Accountability in the Contemporary Constitution, edited by Nicholas Bamforth and Peter Leyland, has just been published by Oxford University Press. Full details of the book can be found here on the OUP website. My chapter is entitled “Ombudsmen, tribunals, inquiries: re-fashioning accountability beyond the courts”.

Screen Shot 2013-11-18 at 10.33.50In it, I note that while courts play a prominent and significant role in holding public bodies to account in the UK, most obviously through the exercise of powers of judicial review, the accountability ‘system’ extends far beyond the courts, encompassing (among other institutions) tribunals, ombudsmen and inquiries into matters of public concern. I argue that accountability is a protean concept, and that the accountability system must therefore exhibit appropriate diversity if accountability in all its relevant senses is to be secured. This raises questions about the balance and relationship between legal and political mechanisms for supplying accountability. I suggest that an increasing tendency to view the legal-judicial model as a paradigm places other accountability institutions at risk of inappropriate judicialisation. That trend, I argue, must not continue unchecked if the accountability system is to remain suitably diverse.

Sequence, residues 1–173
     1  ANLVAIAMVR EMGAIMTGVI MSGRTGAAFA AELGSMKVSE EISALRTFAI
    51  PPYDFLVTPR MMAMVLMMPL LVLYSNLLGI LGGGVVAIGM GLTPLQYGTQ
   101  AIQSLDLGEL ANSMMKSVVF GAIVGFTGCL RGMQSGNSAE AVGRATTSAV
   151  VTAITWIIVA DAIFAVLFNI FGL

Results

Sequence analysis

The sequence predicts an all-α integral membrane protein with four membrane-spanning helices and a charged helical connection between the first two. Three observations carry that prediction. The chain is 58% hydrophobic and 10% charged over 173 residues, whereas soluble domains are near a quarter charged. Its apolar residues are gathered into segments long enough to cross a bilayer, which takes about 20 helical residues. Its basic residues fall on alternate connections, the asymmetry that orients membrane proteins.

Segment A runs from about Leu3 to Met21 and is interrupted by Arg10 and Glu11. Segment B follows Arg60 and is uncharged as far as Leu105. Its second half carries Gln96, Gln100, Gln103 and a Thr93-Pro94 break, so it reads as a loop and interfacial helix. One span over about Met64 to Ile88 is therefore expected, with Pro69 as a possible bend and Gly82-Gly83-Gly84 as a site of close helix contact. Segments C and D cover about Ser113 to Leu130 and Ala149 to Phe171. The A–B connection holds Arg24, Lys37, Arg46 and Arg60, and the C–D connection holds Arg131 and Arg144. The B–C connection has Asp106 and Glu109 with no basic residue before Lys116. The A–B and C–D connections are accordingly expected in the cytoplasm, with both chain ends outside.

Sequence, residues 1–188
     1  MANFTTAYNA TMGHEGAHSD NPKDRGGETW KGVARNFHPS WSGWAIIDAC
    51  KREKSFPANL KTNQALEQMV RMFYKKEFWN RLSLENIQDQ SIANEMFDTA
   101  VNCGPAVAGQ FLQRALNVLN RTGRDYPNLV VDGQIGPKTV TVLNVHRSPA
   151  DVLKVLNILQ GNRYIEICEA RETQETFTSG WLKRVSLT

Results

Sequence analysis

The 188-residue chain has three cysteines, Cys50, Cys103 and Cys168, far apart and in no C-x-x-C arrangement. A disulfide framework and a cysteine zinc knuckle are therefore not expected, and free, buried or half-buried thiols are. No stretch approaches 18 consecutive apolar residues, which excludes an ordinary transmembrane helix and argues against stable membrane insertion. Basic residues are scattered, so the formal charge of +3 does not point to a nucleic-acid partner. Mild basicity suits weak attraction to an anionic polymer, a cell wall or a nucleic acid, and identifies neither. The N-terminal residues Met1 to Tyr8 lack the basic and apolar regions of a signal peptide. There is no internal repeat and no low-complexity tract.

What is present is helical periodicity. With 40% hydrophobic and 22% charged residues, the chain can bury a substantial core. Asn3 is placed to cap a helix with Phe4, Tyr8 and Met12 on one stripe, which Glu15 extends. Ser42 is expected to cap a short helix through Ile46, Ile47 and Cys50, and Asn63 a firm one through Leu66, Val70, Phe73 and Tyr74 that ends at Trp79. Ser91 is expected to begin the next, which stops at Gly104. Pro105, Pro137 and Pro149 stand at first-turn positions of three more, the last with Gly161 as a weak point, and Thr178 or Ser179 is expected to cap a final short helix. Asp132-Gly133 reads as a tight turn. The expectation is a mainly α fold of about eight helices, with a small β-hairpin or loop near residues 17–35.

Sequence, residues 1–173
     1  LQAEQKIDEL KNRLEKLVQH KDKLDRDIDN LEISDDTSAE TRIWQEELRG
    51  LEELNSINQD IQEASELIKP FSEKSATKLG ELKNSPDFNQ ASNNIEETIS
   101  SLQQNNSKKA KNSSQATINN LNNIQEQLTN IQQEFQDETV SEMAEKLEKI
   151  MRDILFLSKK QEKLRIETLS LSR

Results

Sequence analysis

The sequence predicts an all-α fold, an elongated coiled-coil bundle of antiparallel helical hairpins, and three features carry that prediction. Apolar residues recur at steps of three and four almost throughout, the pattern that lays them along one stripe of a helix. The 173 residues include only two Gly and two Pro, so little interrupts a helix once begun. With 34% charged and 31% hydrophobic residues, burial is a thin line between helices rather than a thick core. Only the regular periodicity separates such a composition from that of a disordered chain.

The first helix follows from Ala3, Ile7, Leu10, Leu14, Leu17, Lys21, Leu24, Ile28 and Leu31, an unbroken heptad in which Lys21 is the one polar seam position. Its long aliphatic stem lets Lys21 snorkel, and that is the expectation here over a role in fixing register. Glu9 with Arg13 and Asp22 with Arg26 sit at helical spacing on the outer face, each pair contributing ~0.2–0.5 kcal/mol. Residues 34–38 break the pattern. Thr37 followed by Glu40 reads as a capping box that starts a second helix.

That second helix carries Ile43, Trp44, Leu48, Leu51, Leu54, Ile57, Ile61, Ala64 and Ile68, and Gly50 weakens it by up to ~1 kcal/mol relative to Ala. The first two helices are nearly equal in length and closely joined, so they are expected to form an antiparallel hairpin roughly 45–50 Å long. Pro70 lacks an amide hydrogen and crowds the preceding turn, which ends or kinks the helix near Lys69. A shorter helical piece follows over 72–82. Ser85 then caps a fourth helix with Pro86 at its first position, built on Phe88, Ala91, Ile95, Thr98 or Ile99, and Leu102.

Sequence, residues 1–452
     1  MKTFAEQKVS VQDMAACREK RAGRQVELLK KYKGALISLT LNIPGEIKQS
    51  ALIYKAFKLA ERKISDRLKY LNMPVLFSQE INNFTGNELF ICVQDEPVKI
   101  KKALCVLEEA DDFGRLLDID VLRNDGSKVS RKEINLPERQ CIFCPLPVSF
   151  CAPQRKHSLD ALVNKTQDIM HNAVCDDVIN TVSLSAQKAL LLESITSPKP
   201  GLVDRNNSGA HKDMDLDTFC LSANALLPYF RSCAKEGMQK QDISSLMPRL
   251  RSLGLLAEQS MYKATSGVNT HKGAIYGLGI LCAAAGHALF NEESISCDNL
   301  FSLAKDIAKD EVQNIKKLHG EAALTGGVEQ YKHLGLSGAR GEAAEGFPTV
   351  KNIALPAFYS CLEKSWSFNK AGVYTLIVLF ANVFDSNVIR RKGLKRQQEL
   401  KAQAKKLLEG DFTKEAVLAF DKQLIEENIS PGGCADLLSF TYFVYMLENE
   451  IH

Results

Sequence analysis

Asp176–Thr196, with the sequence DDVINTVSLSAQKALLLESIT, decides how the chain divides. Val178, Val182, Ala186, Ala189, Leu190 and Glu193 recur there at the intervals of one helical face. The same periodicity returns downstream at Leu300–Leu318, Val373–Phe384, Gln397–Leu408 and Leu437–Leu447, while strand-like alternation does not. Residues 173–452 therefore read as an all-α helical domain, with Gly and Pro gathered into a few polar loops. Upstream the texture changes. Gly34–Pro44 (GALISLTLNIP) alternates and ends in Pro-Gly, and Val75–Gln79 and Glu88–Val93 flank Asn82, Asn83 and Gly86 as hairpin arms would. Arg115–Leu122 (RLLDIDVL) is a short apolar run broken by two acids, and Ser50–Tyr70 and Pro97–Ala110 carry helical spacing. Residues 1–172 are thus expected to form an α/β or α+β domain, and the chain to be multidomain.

A draft version of my chapter can be found here on SSRN.

Posted by Mark Elliott

Mark Elliott is Professor of Public Law at the University of Cambridge, a Fellow of St Catharine's College, Cambridge, and Legal Adviser to the House of Lords Constitution Committee. All views on this blog are expressed in a purely personal capacity.

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